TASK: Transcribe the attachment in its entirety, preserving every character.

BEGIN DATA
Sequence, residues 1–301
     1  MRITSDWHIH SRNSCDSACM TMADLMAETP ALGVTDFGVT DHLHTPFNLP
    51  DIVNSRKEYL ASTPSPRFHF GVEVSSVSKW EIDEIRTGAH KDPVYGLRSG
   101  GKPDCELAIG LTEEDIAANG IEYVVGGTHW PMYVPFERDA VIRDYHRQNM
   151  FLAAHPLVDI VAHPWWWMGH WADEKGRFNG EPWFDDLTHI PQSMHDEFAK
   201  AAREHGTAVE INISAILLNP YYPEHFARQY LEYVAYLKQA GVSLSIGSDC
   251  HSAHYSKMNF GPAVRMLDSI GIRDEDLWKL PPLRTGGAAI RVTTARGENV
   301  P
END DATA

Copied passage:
Sequence, residues 1–301
     1  MRITSDWHIH SRNSCDSACM TMADLMAETP ALGVTDFGVT DHLHTPFNLP
    51  DIVNSRKEYL ASTPSPRFHF GVEVSSVSKW EIDEIRTGAH KDPVYGLRSG
   101  GKPDCELAIG LTEEDIAANG IEYVVGGTHW PMYVPFERDA VIRDYHRQNM
   151  FLAAHPLVDI VAHPWWWMGH WADEKGRFNG EPWFDDLTHI PQSMHDEFAK
   201  AAREHGTAVE INISAILLNP YYPEHFARQY LEYVAYLKQA GVSLSIGSDC
   251  HSAHYSKMNF GPAVRMLDSI GIRDEDLWKL PPLRTGGAAI RVTTARGENV
   301  P